By Mark V. Lonsdale
The Zen of Archery, as with any shooting sport, is the process of shooting one perfect shot, and then repeating it.
Novice archers spread arrows all over the target, and some off the bail, but when he or she lands a single arrow in the center of the target, they are immensely satisfied. This is good because anything that inspires the rookie to learn and practice is a positive experience, even if a more experienced archer would not be impressed.
But for the serious archer, he or she may put five arrows in the 10 ring and one in the 8, only to question why one missed the center. This is the true athletes’ quest for perfection. But to quote Vince Lombardi, “Perfection is not attainable, but if we chase perfection we can catch excellence.“
The athlete does not rest on his or her laurels when they know they can do better. A winning score of 600 out of 720 should motivate them to shoot 650 next time. So this brings us to the Zen of of Archery. The goal is a shift in thinking from shooting a set of six arrows and adding up the score, to a making each arrow a perfect arrow. In other words, total focus and concentration on each draw, each anchor, each release, and each follow-though, as if it is the only one that counts. So the Zen of Archery is not shooting six arrows but shooting one arrow six times.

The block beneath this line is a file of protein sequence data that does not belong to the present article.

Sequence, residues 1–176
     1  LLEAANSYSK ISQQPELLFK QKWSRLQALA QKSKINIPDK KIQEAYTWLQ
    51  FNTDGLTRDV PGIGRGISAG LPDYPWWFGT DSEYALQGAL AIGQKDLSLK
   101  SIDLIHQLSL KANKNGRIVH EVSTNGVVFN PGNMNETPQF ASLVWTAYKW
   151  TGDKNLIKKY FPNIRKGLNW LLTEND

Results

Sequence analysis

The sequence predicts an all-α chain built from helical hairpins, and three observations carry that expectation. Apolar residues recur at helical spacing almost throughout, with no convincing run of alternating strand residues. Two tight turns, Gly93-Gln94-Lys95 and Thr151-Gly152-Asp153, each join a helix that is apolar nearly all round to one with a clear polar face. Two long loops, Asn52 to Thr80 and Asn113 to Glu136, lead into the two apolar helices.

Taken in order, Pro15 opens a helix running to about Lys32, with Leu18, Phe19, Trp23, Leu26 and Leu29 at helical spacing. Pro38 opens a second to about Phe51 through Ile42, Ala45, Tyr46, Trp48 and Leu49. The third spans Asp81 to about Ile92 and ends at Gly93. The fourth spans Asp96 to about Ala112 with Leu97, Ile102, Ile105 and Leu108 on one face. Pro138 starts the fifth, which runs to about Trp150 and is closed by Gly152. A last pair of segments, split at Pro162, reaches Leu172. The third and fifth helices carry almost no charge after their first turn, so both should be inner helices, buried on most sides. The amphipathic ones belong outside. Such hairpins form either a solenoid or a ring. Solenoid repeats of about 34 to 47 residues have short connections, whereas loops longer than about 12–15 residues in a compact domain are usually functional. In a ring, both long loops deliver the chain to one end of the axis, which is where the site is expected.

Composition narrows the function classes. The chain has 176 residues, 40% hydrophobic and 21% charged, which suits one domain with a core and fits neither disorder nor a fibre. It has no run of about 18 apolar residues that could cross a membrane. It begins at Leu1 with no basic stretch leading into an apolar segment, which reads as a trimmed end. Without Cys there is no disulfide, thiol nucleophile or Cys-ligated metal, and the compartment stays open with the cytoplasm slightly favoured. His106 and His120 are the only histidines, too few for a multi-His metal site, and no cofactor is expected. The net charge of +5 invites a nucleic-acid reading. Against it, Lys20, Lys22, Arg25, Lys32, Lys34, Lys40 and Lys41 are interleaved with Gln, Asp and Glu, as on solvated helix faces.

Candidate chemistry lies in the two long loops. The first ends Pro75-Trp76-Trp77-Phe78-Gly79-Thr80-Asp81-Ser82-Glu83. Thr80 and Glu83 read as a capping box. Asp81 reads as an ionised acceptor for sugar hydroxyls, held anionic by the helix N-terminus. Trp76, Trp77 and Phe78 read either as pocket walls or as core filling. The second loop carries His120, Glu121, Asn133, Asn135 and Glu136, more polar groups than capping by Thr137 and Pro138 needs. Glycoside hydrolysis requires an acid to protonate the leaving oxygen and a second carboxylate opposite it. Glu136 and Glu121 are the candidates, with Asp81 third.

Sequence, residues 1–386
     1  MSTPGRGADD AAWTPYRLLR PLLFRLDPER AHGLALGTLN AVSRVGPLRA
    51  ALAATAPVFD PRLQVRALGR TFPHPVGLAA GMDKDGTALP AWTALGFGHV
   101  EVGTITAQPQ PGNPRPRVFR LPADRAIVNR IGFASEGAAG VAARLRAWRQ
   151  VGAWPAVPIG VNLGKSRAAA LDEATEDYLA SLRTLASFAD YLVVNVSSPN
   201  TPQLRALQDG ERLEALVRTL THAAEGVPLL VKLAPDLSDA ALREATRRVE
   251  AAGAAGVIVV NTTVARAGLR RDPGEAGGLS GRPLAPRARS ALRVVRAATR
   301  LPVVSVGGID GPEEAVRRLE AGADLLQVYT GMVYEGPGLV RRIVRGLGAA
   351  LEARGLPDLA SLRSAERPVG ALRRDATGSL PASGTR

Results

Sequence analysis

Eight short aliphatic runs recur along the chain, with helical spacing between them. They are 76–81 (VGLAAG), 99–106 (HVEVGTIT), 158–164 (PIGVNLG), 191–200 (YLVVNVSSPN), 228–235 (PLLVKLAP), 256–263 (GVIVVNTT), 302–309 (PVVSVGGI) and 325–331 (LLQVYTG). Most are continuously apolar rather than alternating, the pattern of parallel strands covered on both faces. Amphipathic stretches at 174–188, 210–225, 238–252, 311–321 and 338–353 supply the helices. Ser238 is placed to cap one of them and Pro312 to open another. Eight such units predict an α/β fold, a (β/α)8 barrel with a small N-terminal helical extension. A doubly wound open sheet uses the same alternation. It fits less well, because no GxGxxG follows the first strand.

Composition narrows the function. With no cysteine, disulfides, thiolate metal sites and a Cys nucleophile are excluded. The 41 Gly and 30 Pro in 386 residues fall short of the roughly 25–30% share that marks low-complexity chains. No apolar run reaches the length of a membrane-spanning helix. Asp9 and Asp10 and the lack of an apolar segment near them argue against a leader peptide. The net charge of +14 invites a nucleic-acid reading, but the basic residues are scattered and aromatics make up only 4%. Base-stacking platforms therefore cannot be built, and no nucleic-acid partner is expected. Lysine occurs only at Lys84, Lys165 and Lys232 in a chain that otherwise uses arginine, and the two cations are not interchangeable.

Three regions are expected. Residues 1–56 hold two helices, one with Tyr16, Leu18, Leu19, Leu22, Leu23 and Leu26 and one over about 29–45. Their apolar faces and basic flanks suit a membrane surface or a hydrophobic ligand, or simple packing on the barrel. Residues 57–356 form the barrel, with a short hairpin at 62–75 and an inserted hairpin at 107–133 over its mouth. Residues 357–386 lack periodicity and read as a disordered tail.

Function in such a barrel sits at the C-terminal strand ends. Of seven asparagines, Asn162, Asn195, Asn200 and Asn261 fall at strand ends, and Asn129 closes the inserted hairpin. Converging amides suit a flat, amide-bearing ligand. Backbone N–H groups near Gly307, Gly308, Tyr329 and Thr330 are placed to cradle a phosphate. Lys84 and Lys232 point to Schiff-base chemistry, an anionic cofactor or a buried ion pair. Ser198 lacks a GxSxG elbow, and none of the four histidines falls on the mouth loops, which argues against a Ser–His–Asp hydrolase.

We have all thrown an arrow low, only to realize we had dropped our bow arm. Then, focused on the bow arm, we throw an arrow right, realizing we had lost focus on the string blur. We then try to consciously inventory our technique, but in the process lose the relaxed fluidity of good archery.
The Zen of Archery is not a process of chasing flaws in technique with all six arrows, but aspiring to make each arrow perfect. This requires one hundred percent focus and concentration on form, while at the same time being smooth and relaxed. The ultimate execution is when it comes naturally without thinking, a result of many thousands of arrows or repetitions. This is also where blank bail practice, without the pressured of aiming, becomes a valuable exercise.
Remember, “Amateurs practice until they get it right. Professionals practice until they can’t get it wrong”